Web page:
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20-Dec-99 Block Prep Part 2

Decking and Cylinder Honing



ImageThe block was then cut with the CBN cutter. This is not actually a grinding wheel but carbon cutter, there is a difference. Grinding wheels tend to give away as your cutting, leading to imperfect cut. The CBN cutter cuts accurately every time.
ImageAfter they make the final pass the bolt holes are chamfered to make it easier to start the bolts, and to eliminate any areas with sharp edges that could cause the head to torque incorrectly or give the block a place to crack.
ImageHere it is after decking…. isn't it pretty. The block is in bear metal at this point.
ImageNext we bore and hone the cylinders. Before we bore the block each piston is checked with a micrometer. Every piece that goes into the motor should be checked before assembly. Never take for granted that every piece is to spec just because its new. This can eliminate a great deal of work in the future tearing down the motor to find out why it won't run right.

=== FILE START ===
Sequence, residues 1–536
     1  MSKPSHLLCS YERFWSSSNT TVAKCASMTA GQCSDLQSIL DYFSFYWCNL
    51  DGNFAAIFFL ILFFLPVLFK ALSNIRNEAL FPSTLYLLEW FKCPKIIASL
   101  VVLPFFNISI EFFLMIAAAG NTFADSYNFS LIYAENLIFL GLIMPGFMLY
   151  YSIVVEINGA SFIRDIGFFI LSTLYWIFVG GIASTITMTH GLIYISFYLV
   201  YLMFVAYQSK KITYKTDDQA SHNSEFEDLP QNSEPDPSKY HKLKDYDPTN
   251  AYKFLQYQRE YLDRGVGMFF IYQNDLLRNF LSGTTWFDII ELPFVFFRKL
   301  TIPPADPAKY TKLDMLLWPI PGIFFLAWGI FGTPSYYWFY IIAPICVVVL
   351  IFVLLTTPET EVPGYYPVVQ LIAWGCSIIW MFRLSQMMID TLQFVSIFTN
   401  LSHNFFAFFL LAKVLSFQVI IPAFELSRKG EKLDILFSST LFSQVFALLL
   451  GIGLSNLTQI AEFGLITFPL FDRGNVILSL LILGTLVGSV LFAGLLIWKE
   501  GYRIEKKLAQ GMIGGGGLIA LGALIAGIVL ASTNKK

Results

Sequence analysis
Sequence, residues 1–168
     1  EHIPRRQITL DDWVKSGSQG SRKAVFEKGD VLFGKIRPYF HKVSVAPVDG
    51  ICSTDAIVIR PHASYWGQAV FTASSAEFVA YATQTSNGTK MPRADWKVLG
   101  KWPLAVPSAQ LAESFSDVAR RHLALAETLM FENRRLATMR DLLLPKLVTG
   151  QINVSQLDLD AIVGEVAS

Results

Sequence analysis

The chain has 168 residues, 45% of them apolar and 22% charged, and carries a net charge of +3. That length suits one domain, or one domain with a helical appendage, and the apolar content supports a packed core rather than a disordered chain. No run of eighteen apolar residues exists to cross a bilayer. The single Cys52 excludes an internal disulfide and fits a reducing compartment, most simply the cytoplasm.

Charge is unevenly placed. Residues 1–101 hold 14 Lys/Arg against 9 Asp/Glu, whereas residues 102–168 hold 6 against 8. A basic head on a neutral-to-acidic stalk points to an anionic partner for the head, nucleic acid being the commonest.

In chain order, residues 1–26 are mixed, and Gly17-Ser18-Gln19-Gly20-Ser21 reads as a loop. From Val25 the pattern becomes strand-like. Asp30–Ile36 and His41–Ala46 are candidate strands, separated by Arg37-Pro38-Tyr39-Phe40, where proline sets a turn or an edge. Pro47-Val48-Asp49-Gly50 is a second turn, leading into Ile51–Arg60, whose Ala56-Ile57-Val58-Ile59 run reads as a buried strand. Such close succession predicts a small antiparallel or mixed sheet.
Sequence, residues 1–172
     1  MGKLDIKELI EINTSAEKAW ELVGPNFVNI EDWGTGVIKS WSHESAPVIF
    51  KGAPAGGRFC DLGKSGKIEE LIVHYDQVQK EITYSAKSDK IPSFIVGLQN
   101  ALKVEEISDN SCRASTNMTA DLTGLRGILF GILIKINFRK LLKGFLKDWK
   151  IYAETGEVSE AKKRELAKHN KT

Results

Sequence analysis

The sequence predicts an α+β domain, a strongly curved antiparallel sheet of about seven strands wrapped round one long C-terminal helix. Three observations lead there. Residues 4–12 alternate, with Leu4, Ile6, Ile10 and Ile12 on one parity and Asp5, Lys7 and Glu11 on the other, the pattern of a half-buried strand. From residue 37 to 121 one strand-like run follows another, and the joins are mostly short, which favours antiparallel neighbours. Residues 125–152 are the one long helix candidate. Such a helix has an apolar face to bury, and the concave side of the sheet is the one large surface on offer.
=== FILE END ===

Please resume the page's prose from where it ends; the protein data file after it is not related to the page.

ImageThe block sits on the mains instead of off the existing deck for greater accuracy. This is an exact 90 degree fixture that bores the holes perfectly inline to the crank center and the deck center line.
ImageThe holes are now bored and the tops are chamfered. We bored to leave about.0052” left to hone because when the cylinders are bored the metal is actually torn. The boring bar cuts but if you look closely it is microscopically tearing the cast iron. When you hear the horror stories of engines that the rings never seated in, there's a good chance that the cylinder walls were not honed to the proper finish and some of the cylinder wall tearing was still present, or they were honed too much and were too polished to seat the rings.